02 November 2012


“On his deathbed he asked for a priest and became a Catholic. That was his wife's religion. It was his own business and none of mine. If you had sentenced one hundred and sixty men to death and seen around eighty of them swing, then maybe at the last minute you would feel the need for some stronger medicine than the Methodists could make.”

― Charles Portis, True Grit

4 comments:

StGuyFawkes said...

The 1969 Henry Hathaway interpretation contains a fragment that suggests volumes about the religious feelings of Portis' characters.

The setting: Dinner on the trail.

The “mise en scene”: Lovebirds, Mattie and LeBoeuf, always attracted to each other but never to be wed, chat with their trail host, Mrs. Bagsby, over stew.

Mattie (To Mrs. Bagsby): Presbyterian, huh? Southern or Cumberland?

Mrs. Bagby: Southern.

Mattie: My folks are Cumberland and proud of it.

LaBoeuf: (To all) I was raised in the Episcopal Church, myself.

Mattie: (To LeBoeuf, with contempt) I figured you for some kind of kneeler!

One might argue that Matttie’s idea of wanting a man who has “True Grit” is essentially a Calvinist preoccupation. Tom Wolfe argues similarly, in “The Right Stuff”, that courageous test pilots like Chuck Yeager worked in an essentially Calvinist milieu, whereby pilots who could kiss the stratosphere, and survive, did so by means of a pre-destined inner disposition that you either had, or didn’t have and which was not a result of character, or virtue, but rather the favor of God.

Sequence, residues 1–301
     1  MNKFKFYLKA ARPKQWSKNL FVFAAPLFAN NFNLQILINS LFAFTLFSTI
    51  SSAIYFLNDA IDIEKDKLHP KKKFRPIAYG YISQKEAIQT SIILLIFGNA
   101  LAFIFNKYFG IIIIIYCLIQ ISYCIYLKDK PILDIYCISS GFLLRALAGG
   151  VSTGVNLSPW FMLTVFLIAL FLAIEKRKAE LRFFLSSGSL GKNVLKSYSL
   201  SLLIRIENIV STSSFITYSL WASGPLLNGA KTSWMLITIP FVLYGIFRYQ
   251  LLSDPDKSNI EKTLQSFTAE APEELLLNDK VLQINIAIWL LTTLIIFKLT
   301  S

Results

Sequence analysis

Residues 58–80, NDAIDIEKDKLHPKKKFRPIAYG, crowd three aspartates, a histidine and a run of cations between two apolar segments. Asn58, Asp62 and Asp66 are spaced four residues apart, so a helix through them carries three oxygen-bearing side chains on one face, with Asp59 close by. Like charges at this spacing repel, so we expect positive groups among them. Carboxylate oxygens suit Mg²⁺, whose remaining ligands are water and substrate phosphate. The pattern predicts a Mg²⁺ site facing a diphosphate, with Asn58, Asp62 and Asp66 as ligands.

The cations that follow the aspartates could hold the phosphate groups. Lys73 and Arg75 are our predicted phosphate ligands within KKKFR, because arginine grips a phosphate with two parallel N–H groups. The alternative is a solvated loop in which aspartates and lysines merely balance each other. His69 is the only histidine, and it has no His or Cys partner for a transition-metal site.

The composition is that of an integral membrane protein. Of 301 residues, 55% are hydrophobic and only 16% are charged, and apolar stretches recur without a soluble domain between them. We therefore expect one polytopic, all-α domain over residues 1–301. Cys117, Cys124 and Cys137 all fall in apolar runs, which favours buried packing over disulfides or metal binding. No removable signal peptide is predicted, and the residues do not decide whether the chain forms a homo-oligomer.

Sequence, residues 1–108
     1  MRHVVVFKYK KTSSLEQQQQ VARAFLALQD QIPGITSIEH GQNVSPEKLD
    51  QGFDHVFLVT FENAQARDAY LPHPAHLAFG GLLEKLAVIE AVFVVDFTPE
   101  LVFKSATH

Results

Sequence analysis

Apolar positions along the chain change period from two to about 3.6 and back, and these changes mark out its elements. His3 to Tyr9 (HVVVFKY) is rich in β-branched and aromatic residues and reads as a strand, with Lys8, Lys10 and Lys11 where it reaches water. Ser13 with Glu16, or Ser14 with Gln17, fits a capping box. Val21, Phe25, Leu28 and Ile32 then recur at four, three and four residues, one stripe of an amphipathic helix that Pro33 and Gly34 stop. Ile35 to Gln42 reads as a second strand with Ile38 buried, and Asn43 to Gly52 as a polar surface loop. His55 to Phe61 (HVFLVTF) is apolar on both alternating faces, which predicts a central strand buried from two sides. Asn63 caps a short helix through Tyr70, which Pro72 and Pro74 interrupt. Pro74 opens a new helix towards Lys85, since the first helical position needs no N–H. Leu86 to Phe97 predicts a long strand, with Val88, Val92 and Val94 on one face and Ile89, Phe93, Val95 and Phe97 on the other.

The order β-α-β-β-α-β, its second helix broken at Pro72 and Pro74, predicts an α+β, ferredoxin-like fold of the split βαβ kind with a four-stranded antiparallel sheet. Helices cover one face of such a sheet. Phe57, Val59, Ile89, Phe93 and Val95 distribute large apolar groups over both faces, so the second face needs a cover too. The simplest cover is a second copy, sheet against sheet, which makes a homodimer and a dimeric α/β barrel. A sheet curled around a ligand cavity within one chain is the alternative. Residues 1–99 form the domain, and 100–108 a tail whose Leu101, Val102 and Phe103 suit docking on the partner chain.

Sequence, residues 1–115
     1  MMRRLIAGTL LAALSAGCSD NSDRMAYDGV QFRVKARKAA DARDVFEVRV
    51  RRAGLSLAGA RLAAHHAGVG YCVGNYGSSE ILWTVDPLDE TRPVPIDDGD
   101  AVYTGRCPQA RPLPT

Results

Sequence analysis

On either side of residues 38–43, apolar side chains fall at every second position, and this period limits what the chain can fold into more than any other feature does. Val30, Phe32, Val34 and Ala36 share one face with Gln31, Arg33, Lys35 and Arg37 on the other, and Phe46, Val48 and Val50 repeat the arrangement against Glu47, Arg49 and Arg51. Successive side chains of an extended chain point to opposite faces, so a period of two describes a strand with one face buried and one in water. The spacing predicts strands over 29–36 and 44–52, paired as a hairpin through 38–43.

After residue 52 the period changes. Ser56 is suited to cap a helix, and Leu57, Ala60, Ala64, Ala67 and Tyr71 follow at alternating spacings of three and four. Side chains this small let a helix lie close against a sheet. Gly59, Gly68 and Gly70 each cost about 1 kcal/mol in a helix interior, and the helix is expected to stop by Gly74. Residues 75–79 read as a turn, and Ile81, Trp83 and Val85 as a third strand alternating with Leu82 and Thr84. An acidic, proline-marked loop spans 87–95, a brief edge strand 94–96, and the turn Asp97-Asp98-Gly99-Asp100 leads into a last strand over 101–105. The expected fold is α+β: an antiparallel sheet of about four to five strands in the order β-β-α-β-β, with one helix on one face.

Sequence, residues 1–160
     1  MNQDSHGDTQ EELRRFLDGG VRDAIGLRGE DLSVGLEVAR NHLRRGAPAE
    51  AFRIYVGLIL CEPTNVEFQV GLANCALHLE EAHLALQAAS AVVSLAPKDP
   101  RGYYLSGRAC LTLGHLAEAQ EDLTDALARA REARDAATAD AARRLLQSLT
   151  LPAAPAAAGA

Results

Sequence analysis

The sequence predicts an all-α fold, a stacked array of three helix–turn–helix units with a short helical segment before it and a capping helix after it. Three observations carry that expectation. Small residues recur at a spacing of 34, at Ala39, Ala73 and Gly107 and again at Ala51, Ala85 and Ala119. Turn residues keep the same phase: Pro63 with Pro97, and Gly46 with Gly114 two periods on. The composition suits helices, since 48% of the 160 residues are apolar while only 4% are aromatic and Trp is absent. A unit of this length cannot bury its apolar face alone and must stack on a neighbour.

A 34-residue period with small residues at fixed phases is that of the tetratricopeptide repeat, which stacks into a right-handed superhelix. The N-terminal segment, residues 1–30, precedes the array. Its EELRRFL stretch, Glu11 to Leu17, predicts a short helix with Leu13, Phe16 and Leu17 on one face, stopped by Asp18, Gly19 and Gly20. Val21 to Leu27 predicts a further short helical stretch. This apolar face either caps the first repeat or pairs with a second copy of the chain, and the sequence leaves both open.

This Calvinist mind world presents Mattie with a sexual/religious dilemma.

She is sexually attracted to Rooster because although he appears to be an perfect example of “the reprobate soul”, as her Puritan ancestors would put it, nonetheless, he exhibits evidence of having gained the ‘undeserved merits’ of Salvation by emerging unscathed in every shoot out.

He is fortune’s favorite which in Calvinist language means he’s one of the pre-destined. Moreover, he’s beyond morality and she thrills to his tales of unrestricted carnage. She knows he is the kind of man who merits heaven not through his works but through God’s evident favor. .

At the end of the movie she stands near her family tombstones and asks Rooster to “lie beside me” after her death.

Rooster sees through her Calvinist neurosis and tells her that place is for her husband and children.

She dies childless through her rejection of men like “the kneeler” LeBoeuf.

In the Coen brother’s realization we discover that she remains a childless celibate who pines for the old man with whom she once “had high old times.”

Roman Catholics who wish to operate as Americans would do well to grasp and appreciate the essentially Calvinist vision of our artists.

thetimman said...

St. Guy, this is far and away your best comment since the Eads Bridge/Hegelian series! :-)

Awesome take on these movies. The story of True Grit has moved me in a way I can't put my finger on since I saw the Coen Brothers version. I have seen both, and enjoyed both.

My brother tells me it's about Grace. He's right.



Badger Catholic said...

Awesome!

thetimman said...

St Guy-- could you please try that again without the c word? Do you not remember the bare shoulder debacle?